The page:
VERONA, Italy – With the worldwide economy still in a funk – with varying degrees of slumber, depending on the country – could the stone industry’s biggest event provide some action?

For new products, no.  For new sellers … now that’s an entirely different story.

Heading into the massive VeronaFiere complex at Marmomacc this year, I knew that finding something new would be tough. In a moribund year like this one, product introductions are often like brides giving birth during the honeymoon: somewhere along the line, timetables for production and promotion didn’t sync.

As a result, I found myself quizzed repeatedly by manufacturers about the U.S. economy, where I tried to put the best (but honest) face on what’s happening stateside. To keep the conversations from getting one-sided, and with few new products to ogle, I started asking about how these European vendors viewed the market.

The answers proved surprising. In the past, anyone distributing in the United States quickly identified their business partner across the pond. This time, the responses proved to be vaguer.

For years, relationships between European manufacturers and U.S. representatives often proved to be more rock-solid than the marriages of the principal partners. Europeans made very, very certain that they found U.S. distributors they could trust. On this side of the Atlantic, importer/distributors wanted quality goods and an exclusive right to sell them.

The stone-fabrication boom years of the mid-2000s offered a windfall. The annual Marmomacc show became a celebration between manufacturer and distributor in the wild go-go environment that included stupendous exhibitor booths, fashion shows and helicopter flights straight from the show.

In 2009, the helicopters – used mainly by stone exporters – were gone. And, apparently, so are some of those strong ties between manufacturers and distributors.

Hearing that someone would stick with the status quo proved rare in Verona this year. Some manufacturers noted partnerships with brand-new U.S. companies. Others said that they’d stick with their current American partner, but exclusivity would end. And others hoped to have new deals with new players finalized by the end of the year.

No doubt that some of this will boil over to StonExpo/Marmomacc Americas in Las Vegas next week, with plenty of insider chatter over a couple of drinks after the show. And, a lot of you out there may be thinking that’s all the new info’s worth.

Hardly. If you’ve developed a loyalty to any brand, pay attention to what you’re being sold in the future; you may need to change your own relationships with U.S. vendors to keep getting what you want.

Keep a close eye on industry news and advertising in the next few months. And don’t take anything for granted.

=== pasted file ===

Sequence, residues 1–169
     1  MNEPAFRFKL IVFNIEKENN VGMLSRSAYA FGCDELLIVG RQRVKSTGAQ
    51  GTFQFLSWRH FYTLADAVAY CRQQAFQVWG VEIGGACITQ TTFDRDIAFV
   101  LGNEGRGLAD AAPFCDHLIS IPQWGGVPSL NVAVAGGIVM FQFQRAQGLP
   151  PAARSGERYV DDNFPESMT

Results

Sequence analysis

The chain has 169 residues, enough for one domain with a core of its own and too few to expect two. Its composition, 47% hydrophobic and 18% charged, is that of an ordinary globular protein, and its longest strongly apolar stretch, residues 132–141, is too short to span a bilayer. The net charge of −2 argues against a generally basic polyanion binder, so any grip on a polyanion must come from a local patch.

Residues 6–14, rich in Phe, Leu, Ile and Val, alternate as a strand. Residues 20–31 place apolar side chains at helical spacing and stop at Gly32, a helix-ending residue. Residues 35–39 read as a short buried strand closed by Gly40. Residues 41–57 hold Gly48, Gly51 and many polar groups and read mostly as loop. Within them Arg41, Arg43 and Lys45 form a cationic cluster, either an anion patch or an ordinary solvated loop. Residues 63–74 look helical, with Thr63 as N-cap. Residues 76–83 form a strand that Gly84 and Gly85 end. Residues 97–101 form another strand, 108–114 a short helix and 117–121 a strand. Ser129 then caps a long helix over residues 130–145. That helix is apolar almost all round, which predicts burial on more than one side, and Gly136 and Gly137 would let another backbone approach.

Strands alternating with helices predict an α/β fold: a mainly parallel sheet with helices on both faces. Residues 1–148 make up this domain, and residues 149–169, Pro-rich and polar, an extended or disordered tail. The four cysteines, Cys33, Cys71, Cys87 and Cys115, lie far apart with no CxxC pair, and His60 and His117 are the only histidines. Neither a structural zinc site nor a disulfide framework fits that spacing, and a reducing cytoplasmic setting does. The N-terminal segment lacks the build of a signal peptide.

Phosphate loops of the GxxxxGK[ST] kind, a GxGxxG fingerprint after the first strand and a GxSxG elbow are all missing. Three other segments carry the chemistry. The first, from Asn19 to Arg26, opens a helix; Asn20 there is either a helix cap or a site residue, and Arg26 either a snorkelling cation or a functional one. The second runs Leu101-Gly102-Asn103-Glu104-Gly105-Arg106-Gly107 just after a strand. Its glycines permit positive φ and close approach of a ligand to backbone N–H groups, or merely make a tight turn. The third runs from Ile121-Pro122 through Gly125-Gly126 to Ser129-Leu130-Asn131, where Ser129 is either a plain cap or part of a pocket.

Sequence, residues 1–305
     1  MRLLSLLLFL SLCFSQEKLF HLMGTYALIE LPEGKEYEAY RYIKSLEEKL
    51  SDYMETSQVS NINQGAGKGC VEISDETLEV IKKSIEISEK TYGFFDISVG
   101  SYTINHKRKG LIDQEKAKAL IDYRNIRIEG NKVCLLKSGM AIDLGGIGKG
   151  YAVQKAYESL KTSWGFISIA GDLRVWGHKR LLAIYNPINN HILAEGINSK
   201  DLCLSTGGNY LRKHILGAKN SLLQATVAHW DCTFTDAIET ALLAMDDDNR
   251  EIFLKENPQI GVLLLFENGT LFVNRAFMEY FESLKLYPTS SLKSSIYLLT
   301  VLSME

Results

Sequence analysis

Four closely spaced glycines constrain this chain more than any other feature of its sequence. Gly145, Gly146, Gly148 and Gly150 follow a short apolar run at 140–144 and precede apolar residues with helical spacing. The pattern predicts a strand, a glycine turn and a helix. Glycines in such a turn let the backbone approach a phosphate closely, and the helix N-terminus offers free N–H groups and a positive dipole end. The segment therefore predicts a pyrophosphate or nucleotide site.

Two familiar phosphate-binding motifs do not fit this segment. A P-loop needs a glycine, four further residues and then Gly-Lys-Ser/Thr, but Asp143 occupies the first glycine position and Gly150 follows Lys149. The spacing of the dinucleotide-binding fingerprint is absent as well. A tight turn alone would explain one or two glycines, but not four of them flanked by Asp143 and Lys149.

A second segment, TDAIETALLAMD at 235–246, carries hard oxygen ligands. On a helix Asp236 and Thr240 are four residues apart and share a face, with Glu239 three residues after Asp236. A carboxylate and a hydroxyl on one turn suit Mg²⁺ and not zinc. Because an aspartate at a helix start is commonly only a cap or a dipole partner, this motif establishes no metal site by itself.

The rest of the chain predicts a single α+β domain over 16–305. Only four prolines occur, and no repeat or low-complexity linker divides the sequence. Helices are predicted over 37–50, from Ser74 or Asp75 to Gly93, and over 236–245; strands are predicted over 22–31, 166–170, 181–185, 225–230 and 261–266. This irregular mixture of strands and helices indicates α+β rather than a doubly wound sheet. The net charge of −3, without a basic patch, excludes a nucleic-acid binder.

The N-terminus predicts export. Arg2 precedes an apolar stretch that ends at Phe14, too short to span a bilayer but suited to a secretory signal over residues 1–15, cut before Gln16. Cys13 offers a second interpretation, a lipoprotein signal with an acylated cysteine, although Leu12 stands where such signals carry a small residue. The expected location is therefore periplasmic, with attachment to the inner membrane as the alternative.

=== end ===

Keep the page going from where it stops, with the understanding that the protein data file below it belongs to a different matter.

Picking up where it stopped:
Emerson Schwartzkopf

You can read up-to-the-minute news on the dimensional-stone trade and search the archives at Stone Business Online.

The advertisements that appear on this page are placed by wordpress.com, and constitute no endorsement of the products or services. And I don’t get a dime from any of them, either.

Hasta Las Vegas, Baby

As I’m working through phone calls and emails these days, I’m getting one question a couple of times a day: See you at StonExpo in Las Vegas?

The answer is yes, and thanks for asking. And you?

As anyone who’s read my work through the years for Stone Business, I’m a believer in trade shows. I’ll argue about the location, or the time of year, or the length or whether there should be free coffee at the door, but I’ll make the case for having the events.

And, of course, you’ll find me there. For one thing, it’s part of my job. Given a choice of staying in the office or heading out for some convention hall somewhere in the world, I’d still opt for pinning on a badge and wandering the miles of carpeted aisles.

It’s no different with this year’s StonExpo/Marmomacc Americas (the rather long-winded but official handle) in Las Vegas on Oct. 21-24. The calendar’s marked and the room booked long ago, and my cat Denny has a reservation at a tony two-room suite at his veterinarian’s office.

This year’s event is admittedly a hard sell for a lot of people in the industry. The country may be climbing out of a recession, but times remain tough for most fabricators. It’s worse for sellers of large machines, as saws, edgers, CNCs and other pieces of equipment keep popping up weekly on auction Websites, signifying that yet another shop won’t make it to 2010.

I won’t lie to you, either; this year’s lineup of exhibitors is smaller than last year’s. Some familiar names aren’t going to be there, as vendors keep a tight hold on expenses. A couple of them are dead and gone, victims of the economic downturn. There’ll be a few new names, but no real surprises.

You’re certainly not expanding your shop, and it hasn’t been a stellar year on the bottom line. Why go?

For one thing, the travel odds are in your favor. It takes an hour or two of searching on the Internet, but cut-rate airfares are still available – Southwest Airlines makes sure of that – and Vegas hotels are still offering deals on general travel Websites and direct booking online.